Tok Pisin phrasebook

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Tok Pisin (or Pidgin) is spoken in Papua New Guinea, and is closely related to Pijin blong Solomon (Solomon Islands), Bislama (Vanuatu), and Ailan Tok (Torres Strait); these Bislamic languages are descended from a pidgin which formed around 1820 or 1860. The vocabulary is 5/6 Indo-European (mostly English, some German, Portuguese, and Latin), 1/7 Malayo-Polynesian, and the rest Trans-New-Guinea and other languages. The grammar is creolized and unlike those of the source languages.
Notable features of Tok Pisin include the frequent suffix -pela, which is used to pluralize personal pronouns and mark that an adjective or number is modifying a noun, and the suffix -im, which usually indicates a transitive verb. Many words are reduplicated, which may make a completely different word (sip ship, sipsip sheep), form a derivative (tok word, talk, language, toktok conversation, phrase), or just be part of the word (pukpuk means crocodile, but there is no word puk).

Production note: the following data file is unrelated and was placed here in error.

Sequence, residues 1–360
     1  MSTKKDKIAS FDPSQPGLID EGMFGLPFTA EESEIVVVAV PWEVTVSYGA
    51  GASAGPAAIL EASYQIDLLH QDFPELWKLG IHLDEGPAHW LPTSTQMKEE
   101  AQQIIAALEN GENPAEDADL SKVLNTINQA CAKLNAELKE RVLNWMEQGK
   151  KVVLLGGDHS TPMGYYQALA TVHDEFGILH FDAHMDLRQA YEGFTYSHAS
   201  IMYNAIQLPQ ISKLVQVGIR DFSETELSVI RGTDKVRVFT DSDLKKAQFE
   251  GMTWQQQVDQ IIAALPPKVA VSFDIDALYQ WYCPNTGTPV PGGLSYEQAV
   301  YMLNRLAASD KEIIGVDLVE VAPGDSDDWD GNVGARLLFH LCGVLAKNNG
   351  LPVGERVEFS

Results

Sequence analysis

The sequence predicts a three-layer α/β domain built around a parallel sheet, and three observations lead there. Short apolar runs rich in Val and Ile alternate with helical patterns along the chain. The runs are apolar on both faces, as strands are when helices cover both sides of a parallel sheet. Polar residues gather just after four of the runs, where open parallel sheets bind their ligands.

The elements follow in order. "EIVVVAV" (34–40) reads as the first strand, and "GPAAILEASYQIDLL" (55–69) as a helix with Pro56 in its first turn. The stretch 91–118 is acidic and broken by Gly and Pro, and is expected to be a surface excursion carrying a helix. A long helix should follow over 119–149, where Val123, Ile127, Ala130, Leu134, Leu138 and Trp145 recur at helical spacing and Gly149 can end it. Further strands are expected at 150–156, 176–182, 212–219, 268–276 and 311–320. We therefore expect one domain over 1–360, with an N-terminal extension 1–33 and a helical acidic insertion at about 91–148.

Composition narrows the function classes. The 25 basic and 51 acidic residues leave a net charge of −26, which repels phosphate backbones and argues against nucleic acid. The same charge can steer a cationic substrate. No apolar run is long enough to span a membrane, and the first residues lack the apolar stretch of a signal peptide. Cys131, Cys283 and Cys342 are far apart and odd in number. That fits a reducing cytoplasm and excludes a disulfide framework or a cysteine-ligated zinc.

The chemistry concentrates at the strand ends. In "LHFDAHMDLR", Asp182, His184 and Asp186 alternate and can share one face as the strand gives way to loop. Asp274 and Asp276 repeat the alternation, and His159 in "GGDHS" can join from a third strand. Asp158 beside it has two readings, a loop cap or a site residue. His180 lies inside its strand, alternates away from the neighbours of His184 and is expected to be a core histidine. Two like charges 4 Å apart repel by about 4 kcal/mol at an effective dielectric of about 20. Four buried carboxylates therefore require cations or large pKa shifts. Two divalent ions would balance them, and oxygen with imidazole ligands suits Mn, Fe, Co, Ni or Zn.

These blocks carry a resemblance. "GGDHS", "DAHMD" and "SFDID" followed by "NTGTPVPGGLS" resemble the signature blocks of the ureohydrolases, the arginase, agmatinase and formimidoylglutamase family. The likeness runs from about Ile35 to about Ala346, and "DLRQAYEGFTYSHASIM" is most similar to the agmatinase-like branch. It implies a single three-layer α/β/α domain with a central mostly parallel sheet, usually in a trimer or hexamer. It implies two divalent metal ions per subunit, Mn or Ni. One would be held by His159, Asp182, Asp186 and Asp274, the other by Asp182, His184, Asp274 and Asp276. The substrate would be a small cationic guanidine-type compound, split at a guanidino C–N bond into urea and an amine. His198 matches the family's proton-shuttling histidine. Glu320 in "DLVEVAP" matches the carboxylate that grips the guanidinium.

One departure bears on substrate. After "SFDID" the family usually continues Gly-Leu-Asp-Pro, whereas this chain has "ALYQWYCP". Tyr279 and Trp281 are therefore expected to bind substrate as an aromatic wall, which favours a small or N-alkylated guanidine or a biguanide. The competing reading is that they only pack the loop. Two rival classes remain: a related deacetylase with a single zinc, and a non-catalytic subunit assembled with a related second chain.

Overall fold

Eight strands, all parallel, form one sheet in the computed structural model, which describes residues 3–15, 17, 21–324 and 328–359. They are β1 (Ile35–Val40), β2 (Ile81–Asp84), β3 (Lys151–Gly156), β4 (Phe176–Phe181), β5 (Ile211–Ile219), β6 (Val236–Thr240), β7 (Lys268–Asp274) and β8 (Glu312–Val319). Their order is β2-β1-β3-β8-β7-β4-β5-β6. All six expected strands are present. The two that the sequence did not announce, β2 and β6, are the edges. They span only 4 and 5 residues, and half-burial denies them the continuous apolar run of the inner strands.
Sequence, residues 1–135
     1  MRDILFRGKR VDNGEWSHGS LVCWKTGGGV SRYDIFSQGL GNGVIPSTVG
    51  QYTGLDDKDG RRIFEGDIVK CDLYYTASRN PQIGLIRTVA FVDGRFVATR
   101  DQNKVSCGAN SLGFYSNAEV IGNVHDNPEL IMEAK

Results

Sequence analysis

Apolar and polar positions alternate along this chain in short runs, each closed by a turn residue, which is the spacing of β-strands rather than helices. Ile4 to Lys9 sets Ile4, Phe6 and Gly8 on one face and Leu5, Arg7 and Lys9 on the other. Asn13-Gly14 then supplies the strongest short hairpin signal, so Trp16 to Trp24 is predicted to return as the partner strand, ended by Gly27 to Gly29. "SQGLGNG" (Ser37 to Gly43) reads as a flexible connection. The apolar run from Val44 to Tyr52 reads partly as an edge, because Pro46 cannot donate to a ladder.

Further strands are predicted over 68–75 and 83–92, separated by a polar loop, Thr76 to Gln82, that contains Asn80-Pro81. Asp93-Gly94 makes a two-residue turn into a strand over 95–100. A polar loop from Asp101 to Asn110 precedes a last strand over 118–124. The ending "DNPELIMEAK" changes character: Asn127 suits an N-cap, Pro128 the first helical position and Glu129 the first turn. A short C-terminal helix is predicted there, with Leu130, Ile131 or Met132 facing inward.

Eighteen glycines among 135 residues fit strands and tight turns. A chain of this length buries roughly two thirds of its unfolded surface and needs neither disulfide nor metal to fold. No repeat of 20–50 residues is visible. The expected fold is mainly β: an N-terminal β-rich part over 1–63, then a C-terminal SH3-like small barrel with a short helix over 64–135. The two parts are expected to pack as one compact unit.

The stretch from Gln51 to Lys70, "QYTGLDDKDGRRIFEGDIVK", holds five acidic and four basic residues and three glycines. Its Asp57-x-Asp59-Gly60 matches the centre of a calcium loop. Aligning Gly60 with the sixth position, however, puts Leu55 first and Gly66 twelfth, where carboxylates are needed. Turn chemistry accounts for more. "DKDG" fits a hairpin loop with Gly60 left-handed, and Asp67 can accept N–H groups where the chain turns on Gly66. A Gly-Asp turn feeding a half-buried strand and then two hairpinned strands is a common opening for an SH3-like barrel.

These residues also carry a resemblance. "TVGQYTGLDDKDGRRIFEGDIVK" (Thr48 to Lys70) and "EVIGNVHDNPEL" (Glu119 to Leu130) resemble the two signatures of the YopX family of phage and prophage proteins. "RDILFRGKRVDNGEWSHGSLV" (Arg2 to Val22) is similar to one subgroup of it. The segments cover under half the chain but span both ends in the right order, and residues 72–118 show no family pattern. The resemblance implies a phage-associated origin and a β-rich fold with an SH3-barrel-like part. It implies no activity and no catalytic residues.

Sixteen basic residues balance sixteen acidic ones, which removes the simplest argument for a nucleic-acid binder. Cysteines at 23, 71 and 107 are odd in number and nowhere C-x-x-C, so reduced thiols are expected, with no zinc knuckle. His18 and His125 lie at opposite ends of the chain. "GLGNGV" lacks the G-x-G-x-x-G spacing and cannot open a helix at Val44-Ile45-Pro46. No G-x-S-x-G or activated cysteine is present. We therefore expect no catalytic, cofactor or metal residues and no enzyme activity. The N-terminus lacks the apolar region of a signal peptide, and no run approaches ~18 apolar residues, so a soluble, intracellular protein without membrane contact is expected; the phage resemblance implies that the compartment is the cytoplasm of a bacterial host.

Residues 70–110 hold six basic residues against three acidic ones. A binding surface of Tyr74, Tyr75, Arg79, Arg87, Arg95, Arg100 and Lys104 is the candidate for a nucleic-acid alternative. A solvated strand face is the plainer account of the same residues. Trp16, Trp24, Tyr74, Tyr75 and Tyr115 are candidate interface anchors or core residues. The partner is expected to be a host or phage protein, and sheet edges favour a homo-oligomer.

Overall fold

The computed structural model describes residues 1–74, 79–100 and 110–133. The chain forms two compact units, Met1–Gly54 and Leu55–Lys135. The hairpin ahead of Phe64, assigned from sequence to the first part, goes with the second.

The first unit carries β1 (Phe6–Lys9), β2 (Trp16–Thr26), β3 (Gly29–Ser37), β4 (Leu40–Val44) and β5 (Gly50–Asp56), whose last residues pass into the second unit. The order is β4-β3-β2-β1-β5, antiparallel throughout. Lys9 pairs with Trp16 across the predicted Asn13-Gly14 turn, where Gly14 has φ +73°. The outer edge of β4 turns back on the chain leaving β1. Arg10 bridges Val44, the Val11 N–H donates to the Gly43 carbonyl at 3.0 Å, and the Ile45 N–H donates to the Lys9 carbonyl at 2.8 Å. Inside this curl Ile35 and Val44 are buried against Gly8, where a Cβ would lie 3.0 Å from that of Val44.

Pronunciation Guide

Phrase list